History and tales of big wall climbs
My first ever climbing story was about a time when I almost froze to death halfway up a massive cliff of granite. I was still shivering uncontrollably from the three days of hypothermic conditions, and wrapped in borrowed sleeping bags inside of an uninsulated VW Van in the Pines campground in Yosemite. The Yosemite rescue team, of which I was a member and had just helped saved my life, had been moved to the colder Pines campground that winter, while the Park Service demolished campground toilets in Camp 4. Unlike Camp 4 (also called Sunnyside because it gets all the morning warmth from the sun), the Pines is more shaded by the surrounding massive cliffs, so I was dreading the early morning routine of getting ready for the day in the cold misty morning to come.
That night, unable to sleep even though I was thoroughly exhausted, I wrote and wrote pages about the experience of the past week on yellow ruled paper, how Mike Corbett, Steve Bosque, and I joined up to climb the south wall of Half Dome, trying to adjust to the reality of not being up there fighting for my life. I couldn't process it, and could sense a cataclysmic shift in my worldview. The climbs I had been doing lately had only given me more and more confidence in my ability to fire up big routes in record time, nothing really seemed impossible. Now, shattered and so grateful for the outside help, I tried to reconcile the fact that I could not do it on my own.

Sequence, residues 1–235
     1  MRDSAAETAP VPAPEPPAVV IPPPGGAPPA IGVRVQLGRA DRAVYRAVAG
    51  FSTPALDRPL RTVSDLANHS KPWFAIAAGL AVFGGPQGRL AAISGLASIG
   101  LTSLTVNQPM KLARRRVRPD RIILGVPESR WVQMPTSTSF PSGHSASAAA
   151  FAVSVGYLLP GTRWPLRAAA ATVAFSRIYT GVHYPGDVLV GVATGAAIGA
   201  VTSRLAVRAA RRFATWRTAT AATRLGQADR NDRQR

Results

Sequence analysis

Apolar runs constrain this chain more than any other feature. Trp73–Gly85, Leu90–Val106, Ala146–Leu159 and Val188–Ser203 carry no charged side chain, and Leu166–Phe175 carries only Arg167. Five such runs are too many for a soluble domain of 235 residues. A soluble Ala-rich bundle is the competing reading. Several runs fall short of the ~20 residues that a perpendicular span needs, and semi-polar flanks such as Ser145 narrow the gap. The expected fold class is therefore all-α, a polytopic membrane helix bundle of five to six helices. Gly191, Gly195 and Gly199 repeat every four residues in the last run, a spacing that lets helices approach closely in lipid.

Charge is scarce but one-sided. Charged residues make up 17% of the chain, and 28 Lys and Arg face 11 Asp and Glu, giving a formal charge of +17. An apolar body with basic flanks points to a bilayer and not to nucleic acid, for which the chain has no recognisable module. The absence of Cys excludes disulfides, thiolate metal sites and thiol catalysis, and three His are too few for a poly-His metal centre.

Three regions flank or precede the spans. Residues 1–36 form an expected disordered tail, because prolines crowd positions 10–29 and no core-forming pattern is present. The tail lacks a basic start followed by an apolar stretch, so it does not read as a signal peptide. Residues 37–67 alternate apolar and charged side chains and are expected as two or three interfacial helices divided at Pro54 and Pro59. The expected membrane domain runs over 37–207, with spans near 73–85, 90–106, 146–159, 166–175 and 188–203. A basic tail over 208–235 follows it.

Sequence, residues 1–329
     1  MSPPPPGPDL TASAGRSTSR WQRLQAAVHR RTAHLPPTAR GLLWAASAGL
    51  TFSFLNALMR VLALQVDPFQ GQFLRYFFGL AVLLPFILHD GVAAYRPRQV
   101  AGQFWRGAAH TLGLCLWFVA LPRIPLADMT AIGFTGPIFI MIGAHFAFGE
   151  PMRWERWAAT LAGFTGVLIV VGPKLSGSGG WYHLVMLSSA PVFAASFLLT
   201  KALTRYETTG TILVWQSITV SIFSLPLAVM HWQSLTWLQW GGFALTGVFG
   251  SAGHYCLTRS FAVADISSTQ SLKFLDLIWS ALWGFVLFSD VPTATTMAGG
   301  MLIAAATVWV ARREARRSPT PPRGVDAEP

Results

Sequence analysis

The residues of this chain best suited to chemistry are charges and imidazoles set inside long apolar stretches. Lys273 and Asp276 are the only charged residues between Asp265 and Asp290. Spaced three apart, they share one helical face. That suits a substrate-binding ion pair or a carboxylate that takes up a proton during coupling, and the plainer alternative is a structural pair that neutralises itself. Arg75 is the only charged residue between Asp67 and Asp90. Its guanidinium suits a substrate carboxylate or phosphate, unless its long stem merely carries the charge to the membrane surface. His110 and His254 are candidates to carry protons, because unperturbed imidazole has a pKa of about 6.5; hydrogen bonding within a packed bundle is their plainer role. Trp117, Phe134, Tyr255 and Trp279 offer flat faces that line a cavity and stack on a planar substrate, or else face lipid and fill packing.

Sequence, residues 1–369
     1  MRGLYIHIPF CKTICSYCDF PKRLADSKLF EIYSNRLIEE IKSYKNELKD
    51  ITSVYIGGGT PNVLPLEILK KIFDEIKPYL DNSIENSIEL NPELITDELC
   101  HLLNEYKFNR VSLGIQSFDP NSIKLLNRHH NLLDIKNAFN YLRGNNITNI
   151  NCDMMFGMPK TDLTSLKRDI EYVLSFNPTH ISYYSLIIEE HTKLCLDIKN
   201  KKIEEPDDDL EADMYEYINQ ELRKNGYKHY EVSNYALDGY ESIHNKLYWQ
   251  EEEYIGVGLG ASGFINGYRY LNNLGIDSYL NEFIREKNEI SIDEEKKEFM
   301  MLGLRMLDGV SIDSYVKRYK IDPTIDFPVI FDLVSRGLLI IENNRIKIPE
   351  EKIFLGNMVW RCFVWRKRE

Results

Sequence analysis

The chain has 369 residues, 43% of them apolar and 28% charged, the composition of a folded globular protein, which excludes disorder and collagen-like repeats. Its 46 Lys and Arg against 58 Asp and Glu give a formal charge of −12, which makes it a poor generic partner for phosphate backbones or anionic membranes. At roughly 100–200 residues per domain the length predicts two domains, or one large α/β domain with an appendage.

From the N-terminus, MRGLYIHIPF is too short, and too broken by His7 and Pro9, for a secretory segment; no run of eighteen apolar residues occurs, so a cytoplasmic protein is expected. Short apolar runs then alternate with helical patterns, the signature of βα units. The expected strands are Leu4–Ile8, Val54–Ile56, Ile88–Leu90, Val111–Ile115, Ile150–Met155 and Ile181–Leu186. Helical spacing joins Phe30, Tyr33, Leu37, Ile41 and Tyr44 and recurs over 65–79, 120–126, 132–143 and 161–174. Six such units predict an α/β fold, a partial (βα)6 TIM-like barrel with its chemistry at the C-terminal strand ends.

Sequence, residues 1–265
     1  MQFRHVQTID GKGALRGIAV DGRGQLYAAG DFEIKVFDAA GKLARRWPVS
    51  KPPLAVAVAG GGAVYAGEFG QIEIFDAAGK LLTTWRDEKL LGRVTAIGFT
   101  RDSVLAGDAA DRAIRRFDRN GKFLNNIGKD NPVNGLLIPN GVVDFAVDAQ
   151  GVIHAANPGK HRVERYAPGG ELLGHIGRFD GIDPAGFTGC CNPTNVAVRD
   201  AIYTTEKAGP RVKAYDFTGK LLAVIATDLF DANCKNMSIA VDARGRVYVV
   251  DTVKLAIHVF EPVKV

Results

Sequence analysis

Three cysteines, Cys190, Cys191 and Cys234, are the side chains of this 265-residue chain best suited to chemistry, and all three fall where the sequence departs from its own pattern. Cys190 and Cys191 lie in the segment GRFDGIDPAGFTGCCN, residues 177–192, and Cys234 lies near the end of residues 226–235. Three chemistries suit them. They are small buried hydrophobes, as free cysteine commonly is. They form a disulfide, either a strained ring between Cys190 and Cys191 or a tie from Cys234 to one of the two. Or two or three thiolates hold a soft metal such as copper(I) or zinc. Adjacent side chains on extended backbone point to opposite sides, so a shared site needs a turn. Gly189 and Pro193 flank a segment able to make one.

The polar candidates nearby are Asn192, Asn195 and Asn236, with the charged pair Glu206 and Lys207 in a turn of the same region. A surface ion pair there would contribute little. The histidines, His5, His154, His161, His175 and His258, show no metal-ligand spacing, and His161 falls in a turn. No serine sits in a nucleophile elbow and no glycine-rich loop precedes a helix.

The story I wrote got edited, refined, and eventually appeared in Climbing Magazine, and even featured later in a collection of top adventure epics. John Dill wrote the most straightforward account, in the 1987 Accidents in North American Mountaineering (though I could never figure out his noting of “inadequate equipment” as all our gear was latest state of the art at the time).
Since then, I have enjoyed the writing process. My first task was to document the tools and techniques I had been using and helped develop that enabled more efficient big wall climbing to happen, published in Climbing #99 and Climbing #100, and later put into a small booklet I called the "Big Wall Tech Manual". It was quite a challenge converting decades of shared climbing knowledge into a systematic written document. These days there are countless technique books, much more detailed and complete than my early work. I found immense personal satisfaction in sharing my ideas (much more so than sharing my “persona”).
I wrote a bit for the magazines and journals about my adventures while I was climbing, often prompted by fantastic editors like H. Adams Carter of the American Alpine Journal. But I questioned the purpose of writing and effectively promoting. Each slide show, each article, seemed to confuse me more about why I was risking my life so often in the mountains, sometimes blindly in pursuit of a dream that came from who knows where. Eventually, it all came to an end when, during plans to climb and BASE jump a new big wall route in Baffin Island (which saw me learning to skydive out of a friend's planes without an actual instructor), my friend Xaver Bongard was killed in a BASE accident off the Staubach in Switzerland. I finally realised then, fully, the impact of our borderline reckless behaviour, a mixture of personal drive and having something to "show". After that, I decided to strictly focus on design and engineering challenges, as I best felt I had something to contribute there, and did that for a while before discovering the joys of going with gravity, not against it, on the big rivers of the southwest as a Grand Canyon river guide (where I have no “claims to fame” but enjoyed every minute of it). And currently, now, where I am helping raise a family with my wife Jeni, Remi, and Rowen, and occasionally working as a high school teacher.
I really have no idea where these tales will go. I was witness to some great moments in climbing history and got to know some incredible people along the way; these glimpses are really what drives me to take to the keyboard, so here goes.